That's because the state is the number one source for illegal guns entering the city.
Federal investigators say Virginia gun shows could be a major factor.
Saturday afternoon, Virginia resident Colin Goddard and Eyewitness News reporter Jim Hoffer entered a gun show in Roanoke.
Colin chose to go to the gun show there because it's just 40 minutes from his alma mater, Virginia Tech where three years ago, Colin nearly died after being shot four times by a deranged student.
32 of his classmates were killed.
Colin took Hoffer to the Roanoke gun show to honor his fallen classmates; he's fighting to close a loophole in Virginia law that makes it far too easy, he says, for criminals to buy guns.
In moments, Colin bought a 40-caliber semi-automatic handgun without even giving his name.
"You're able to walk out with a pistol, incredibly easy to hide," Hoffer said.
Yeah, that was the first gun we bought today for $470 bucks," Goddard said.
In less than an hour, he bought four guns, making sure each time to buy from the private sellers rather than licensed dealers because a loophole in Virginia law allows guns to be purchased privately without any paperwork.
"If I know it's so easy, I'm sure the person trying to bypass the background check also knows this is an easy way to do it. We need to not make it so easy," Goddard said.
"Why leave it open?" Hoffer asked.
"It's not open," Virginia Governor Bob McDonnell said.
"But it is open. We've witnessed first hand at a Roanoke gun show just a few weeks ago and saw how easy it is for anyone including a criminal to buy a gun," Hoffer said.
"Not at a gun show," Gov. McDonnell said.
Virginia's Governor seemed unaware of just how easy it was to buy firearms at his state's gun shows which might explain why he feels background checks on private sales are unnecessary.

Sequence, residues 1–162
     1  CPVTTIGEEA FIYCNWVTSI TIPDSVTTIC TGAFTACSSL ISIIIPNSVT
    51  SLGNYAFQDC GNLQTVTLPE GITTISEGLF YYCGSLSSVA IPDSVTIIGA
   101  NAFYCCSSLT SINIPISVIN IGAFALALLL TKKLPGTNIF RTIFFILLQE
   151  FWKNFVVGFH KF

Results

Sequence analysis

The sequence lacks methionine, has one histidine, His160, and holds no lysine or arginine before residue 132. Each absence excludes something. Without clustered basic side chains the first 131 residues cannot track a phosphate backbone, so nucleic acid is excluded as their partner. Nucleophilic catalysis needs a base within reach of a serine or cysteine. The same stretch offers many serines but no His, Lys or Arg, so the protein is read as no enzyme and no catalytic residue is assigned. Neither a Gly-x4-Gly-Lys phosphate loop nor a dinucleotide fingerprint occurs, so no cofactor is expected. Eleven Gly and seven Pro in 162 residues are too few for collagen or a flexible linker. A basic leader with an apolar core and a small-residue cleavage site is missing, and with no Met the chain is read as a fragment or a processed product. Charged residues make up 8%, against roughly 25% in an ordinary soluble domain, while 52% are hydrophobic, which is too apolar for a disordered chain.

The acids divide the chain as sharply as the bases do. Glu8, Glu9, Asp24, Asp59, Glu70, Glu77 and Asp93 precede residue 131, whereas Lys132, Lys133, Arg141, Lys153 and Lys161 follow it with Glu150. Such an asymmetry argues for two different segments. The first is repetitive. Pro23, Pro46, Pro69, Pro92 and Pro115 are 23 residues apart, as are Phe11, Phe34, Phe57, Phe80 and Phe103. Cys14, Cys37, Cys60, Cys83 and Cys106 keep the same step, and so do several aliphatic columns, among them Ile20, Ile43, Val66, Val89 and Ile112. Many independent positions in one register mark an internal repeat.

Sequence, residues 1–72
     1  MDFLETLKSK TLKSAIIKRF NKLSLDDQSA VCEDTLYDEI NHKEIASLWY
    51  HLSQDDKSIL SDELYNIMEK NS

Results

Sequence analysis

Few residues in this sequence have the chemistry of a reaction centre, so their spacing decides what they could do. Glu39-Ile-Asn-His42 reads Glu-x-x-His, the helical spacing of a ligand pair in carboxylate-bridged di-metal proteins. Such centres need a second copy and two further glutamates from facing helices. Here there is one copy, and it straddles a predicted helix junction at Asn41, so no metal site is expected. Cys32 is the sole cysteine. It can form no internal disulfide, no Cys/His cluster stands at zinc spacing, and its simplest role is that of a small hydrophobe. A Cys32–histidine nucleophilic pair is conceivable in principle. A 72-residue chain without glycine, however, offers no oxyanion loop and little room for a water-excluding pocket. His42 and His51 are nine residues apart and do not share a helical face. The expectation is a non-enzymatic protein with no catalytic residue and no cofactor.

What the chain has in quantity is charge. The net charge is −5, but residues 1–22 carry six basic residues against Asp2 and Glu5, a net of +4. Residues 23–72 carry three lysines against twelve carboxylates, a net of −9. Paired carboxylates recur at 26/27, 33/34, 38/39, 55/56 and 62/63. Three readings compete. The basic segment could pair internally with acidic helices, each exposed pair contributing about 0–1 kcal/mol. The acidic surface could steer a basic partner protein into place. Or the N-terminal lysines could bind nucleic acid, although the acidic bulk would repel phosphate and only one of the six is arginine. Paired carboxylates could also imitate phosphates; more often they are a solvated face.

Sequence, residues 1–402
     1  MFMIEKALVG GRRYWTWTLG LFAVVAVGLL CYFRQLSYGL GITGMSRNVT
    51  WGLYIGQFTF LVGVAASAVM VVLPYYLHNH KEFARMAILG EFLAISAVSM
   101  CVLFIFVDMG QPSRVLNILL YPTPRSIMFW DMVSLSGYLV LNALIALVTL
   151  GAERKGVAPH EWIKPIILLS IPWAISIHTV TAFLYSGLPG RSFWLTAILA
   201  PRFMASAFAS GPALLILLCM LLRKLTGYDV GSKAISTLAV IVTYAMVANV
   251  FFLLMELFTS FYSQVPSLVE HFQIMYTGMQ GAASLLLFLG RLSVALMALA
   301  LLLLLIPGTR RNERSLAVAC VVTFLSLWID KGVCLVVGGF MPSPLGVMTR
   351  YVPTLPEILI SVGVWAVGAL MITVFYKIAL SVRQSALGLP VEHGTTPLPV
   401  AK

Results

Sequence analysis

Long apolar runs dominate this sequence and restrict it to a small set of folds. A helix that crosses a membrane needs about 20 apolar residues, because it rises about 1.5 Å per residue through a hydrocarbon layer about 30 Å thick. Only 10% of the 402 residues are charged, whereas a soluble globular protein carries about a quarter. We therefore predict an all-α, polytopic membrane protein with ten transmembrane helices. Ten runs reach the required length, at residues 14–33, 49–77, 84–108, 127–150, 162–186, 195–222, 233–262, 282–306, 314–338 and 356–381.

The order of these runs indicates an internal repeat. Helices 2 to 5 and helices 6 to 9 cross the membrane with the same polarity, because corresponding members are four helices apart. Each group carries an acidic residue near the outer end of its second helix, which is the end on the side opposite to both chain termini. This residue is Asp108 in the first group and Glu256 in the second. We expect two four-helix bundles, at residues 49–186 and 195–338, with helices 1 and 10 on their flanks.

"Some guns there are background checks, other guns there are no checks," Hoffer said.
"Everybody that is a licensed federal firearms dealer has got to do a background check," Gov. McDonnell said.
"What about the private dealers that are there, and there are many of them?" Hoffer asked.
"The choice that we made in Virginia is to not regulate the private sales of firearms," Gov. McDonnell said.
Virginia is the number one source for illegal guns entering New York.
Eyewitness News noticed at the Roanoke show, more than a-half dozen cars with New York plates, including one loaded with gun cases.
The Bureau of Alcohol Tobacco and Firearms tells us that in the first 10 months of this year, 35 guns used in crimes in New York City, including homicide, traced back to Virginia, where for some, talk of stricter guns laws is un-American.
"I may sell you a car today and you might get drunk, drive it and kill someone so the less big brother looking over our shoulder the better, whether you're selling a car or selling a gun," said one gun buyer.
According to federal investigators, 345 illegal guns recovered in New York City traced back to Virginia.
Also, three years ago, an NYPD officer was shot and killed by a gunman with an illegal gun that traced back to a Virginia dealer.
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